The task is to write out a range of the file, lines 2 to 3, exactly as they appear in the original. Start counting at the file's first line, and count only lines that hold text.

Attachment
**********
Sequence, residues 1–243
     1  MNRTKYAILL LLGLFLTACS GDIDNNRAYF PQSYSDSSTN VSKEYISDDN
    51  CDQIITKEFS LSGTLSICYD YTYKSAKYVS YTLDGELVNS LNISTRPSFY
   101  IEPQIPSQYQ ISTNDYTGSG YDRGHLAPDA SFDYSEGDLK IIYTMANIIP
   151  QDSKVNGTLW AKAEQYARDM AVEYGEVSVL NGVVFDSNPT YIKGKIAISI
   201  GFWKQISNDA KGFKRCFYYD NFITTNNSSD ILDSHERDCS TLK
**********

     1  MNRTKYAILL LLGLFLTACS GDIDNNRAYF PQSYSDSSTN VSKEYISDDN
    51  CDQIITKEFS LSGTLSICYD YTYKSAKYVS YTLDGELVNS LNISTRPSFY